This will be long, because this lie has taken deep roots that are hard to pull up.
Is there any media outlet that cares about getting this story right? This bullshit about the Dodds getting a "sweetheart" deal from Countrywide needs to stop. It needs to stop on NPR, Cable news, and print media (but I'm not going to hold my breath). At least we can stop the nonsense here.
If you believed this garbage, then you fell victim to the power of suggestion and you owe it to yourself to reclaim your mind by pursuing the facts. And if you remained skeptical, and you consider yourself a progressive, then you owe it to Senator Dodd to try to help get the real story out.
Defense will call witnesses after the jump.
Alright, let's start with the Senate ethics rule, which actually sets a pretty clear standard on loans to Senators:
No Member, officer, or employee of the Senate shall knowingly accept a gift except as provided in the rule....[Exceptions include] loans from banks and other financial institutions on terms generally available to the public.
Dodd opponents, journalists and bloggers all have a responsibility to either (1) prove that Dodd's loan terms were not generally available, or (2) argue that Dodd's conduct violated some other standard of behavior that the Ethics Committee was not charged to investigate. (Don't worry, we'll get there)
Let's get to the loan itself. From a report compiled by the firm CrossCheckCompliance (PDF):
The $506,000 loan, which closed on June 10, 2003, was a cash-out refinance of a Washington, D.C., townhouse...The note granted on this loan was a 30-year adjustable with the first five years at a fixed rate of 4.25%. The HUD statement for this transaction revealed settlement charges (excluding prepaid interest and taxes) paid of $2,286.30 (0.45% of the loan amount). The $275,042 loan, which closed on July 3, 2003, was a streamline refinance of a single family residence located in East Haddam, Connecticut...The note granted on this loan was a 30-year adjustable note with the first ten years at a fixed rate of 4.5%. The HUD statement for this transaction revealed settlement charges paid of $2,020.25 (0.73% of the loan amount).
So-- 1 half-million-dollar loan, five years fixed below 5%, 30 years total, closing costs of less than .5% of the loan. The other loan fixed for ten full years at a good rate. Favorable terms indeed, although remember that these were high-flying times in the real estate market.
Now, the really damning piece of this story boils down to 6 letters:"VIP" and "FOA." Certainly the Dodds refinancing was placed into these programs by Countrywide. But there's not one piece of evidence that the Dodds actually knew Angelo Mozilo. The burden of proof is on the accusers, and no-one has been able to demonstrate that Sen. or Mrs. Dodd had ever known the man, let alone been an actual "Friend of Angelo." The only motive to designate him as such would have been to try to influence him. Only, it didn't work: Dodd gets a 100% score from Progressive Punch on votes to regulate the banking industry. And in case you've forgotten the awful bankruptcy bill from 2005, it was Dodd's staunch opposition to that bill and repeated attempts to add progressive amendments to it that made him the obvious (for many of us) choice for Chair of the Banking committee after 2006. You wanna talk about undue influence on a Senator's vote? Check out then-Senator Biden's zeal in driving that bill through to passage without any changes to protect consumers. Incidentally, Delaware is America's corporate headquarters.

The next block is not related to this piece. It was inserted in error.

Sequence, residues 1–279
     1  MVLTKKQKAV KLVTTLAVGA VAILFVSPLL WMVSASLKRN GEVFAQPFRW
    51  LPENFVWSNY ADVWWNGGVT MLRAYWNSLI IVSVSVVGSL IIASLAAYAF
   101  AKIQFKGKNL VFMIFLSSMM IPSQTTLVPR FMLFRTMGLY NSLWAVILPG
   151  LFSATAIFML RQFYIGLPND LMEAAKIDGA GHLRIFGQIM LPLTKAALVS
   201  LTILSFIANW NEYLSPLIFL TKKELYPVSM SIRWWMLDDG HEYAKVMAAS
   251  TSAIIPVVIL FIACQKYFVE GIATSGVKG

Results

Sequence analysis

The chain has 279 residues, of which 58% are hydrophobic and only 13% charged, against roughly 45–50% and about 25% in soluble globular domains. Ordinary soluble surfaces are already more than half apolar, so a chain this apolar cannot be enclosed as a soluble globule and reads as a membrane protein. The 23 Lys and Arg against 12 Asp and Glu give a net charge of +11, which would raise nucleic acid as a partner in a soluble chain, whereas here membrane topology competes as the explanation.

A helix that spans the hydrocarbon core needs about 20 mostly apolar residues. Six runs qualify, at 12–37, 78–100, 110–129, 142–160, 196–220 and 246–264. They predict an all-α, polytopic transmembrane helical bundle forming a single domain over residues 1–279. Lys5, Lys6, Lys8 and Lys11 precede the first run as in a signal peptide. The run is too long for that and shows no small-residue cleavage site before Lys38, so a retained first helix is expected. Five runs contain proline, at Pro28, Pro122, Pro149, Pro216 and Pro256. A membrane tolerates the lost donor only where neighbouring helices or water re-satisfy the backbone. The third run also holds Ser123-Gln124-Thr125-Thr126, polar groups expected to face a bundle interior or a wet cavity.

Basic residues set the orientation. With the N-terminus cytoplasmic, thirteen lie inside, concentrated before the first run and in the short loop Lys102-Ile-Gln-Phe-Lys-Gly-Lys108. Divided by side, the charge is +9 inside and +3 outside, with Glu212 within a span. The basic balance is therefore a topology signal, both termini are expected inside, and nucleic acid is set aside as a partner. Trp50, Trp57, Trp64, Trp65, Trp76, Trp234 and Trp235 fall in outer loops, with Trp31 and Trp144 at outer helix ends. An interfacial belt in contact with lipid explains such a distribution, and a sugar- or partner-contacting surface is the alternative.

But I digress-- my point is not to condemn the Vice President for his actions as a Senator, nor do I wish to deflect attention from Senator Dodd's mortgage. Quite the opposite. No one seems to have paid very good attention to the totality of this story. Everyone loves a good knee-jerk, and it's so much easier to believe an accusation of influence-peddling than it is to muddle around with pesky facts. The motive for Countrywide is so obvious, the suspicion of all politicians so high, that we all heard "Dodd," "VIP," and "Sweetheart deal" and then shut off our brains.
The assumption from all quarters is that the Dodds received these rates and terms as part of some sort of quid-pro-quo, or in an attempt to influence Senator Dodd. As demonstrated by Sen. Dodd's voting record on financial reform, there was no "quo" provided to Countrywide. That gives the lie to the notion that the favorable loan terms were a "quid" in the first place. I say the presumption of innocence applies even to politicians, so let's see if there might be some other explanation for the good terms.